Frank Moss, Ph.D.
Curator's Professor of Physics
Founder (with Lon Wilkens), Center for Neurodynamics (1996)
Curriculum Vitae (PDF Version)
Dr. Moss's recent research covers many applications of nonlinear dynamics and stochastic processes to biological systems. An expert in stochastic resonance, he and his colleagues were the first to demonstrate behavioral stochastic resonance in a behaving animal, the paddlefish. He has also studied the role of stochastic resonance in human perception, the role of nonlinear dynamics and synchronization in peripheral sensory systems of invertebrates.
Dr. Moss's most recent work involves experimental studies of swarming and optimal feeding strategies of zooplankton*, as well as modeling and simulations of these phenomena.
Experiments with several species of the zooplankton, Daphnia, while foraging for food, are in progress. They move in sequences: hop-pause-turn-hop etc. While we have recorded hop lengths, hop times, pause times and turning angles, our current focus is on histograms representing the distributions of the turning angles. We find that different species, including adults and juveniles, move with similar turning angle distributions that can be accurately described with exponential functions. Random walk simulations and a theory based on active Brownian particles, by the applied stochastics group at Humboldt University in Berlin, Germany, indicate a maximum in food gathering efficiency at an optimal width of the turning angle distribution. That is, an optimal noise intensity leads to maximum foraging success, an effect we call Natural Stochastic Resonance. Foraging takes place within a fixed size food patch during a fixed time. We hypothesize that the exponential distributions and the narrow range of widths observed in wild Daphnia were selected for survival over evolutionary time scales.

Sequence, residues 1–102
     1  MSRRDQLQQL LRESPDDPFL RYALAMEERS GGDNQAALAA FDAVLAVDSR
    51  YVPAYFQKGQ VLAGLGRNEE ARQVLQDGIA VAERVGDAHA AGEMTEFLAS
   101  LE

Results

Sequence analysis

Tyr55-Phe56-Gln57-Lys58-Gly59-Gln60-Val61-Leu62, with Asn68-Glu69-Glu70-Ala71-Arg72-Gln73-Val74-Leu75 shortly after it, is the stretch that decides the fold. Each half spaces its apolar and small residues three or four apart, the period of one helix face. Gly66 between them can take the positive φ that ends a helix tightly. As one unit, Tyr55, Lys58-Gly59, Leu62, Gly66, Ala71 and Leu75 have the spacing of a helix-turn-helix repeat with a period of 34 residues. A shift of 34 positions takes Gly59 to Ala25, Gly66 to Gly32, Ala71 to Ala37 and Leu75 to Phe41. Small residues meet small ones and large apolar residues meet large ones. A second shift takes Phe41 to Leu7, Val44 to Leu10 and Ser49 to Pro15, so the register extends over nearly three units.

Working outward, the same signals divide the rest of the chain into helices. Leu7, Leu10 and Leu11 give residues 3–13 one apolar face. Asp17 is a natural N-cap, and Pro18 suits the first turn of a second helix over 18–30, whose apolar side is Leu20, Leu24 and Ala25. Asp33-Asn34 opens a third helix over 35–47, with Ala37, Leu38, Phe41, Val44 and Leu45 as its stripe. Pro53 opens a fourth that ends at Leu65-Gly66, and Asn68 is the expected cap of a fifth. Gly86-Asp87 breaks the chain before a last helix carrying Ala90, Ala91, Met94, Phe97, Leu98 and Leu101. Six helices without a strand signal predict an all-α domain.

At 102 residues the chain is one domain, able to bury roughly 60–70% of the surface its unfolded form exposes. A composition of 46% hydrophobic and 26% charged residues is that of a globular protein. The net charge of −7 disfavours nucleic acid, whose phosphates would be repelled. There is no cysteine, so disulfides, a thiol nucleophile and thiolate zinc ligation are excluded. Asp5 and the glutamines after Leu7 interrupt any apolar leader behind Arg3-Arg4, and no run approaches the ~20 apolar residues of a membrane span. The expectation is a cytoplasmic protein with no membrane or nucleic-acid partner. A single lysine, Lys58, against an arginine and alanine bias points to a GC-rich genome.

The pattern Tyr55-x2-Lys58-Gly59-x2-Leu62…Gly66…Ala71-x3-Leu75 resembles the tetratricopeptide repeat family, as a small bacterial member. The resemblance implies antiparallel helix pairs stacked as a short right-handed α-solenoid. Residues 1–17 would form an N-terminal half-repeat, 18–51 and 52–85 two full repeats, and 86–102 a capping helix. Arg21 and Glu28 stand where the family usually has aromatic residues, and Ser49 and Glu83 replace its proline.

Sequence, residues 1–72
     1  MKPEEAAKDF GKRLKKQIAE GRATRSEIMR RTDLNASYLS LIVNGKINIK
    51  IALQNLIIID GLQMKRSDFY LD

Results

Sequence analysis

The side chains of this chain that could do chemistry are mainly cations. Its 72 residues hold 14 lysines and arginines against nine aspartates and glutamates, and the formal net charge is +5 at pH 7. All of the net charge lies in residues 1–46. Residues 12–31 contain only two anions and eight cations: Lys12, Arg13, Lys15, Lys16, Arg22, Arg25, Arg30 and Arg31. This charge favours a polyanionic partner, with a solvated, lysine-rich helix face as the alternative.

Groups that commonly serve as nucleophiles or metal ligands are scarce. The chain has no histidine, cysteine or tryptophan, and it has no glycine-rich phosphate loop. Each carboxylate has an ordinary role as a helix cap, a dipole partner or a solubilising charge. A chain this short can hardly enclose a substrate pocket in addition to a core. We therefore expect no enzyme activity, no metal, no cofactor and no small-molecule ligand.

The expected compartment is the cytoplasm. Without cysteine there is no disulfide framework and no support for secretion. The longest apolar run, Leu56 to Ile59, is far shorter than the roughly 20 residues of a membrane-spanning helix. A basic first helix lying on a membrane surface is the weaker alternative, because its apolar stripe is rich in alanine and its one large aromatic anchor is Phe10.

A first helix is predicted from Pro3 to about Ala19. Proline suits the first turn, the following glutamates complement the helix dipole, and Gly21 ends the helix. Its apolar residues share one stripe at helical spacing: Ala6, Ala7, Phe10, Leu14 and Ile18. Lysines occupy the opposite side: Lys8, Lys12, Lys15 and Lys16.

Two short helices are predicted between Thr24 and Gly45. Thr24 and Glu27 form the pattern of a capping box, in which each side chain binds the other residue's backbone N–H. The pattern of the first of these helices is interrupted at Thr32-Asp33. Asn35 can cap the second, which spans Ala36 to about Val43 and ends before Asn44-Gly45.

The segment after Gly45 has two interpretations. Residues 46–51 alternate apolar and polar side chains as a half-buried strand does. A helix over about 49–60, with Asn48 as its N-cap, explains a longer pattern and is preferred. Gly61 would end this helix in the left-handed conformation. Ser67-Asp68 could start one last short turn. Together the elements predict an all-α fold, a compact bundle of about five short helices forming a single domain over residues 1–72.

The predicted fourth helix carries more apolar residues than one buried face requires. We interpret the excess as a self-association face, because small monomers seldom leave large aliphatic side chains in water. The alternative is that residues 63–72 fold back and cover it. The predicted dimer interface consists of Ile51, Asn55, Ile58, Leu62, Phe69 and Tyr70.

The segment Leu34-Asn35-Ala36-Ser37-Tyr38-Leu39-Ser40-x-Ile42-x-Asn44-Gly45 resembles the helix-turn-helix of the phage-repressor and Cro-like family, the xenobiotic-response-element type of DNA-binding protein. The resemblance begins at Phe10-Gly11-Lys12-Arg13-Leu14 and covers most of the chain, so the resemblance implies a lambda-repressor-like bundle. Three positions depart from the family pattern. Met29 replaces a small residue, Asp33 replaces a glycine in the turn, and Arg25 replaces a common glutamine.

Prof. Lutz Schimansky-Geier and colleagues, Laboratory for Applied Stochastic Processes, Institute of Physics, Humboldt University in Berlin, Germany.
Prof. J. Rudi Strickler and colleagues, Great Lakes WATER Institute, University of Wisconsin at Milwaukee, Wisconsin, USA.
*The movie "Into the Daphnia vortex." appeared in Chaos. 14(4):S10, 2004.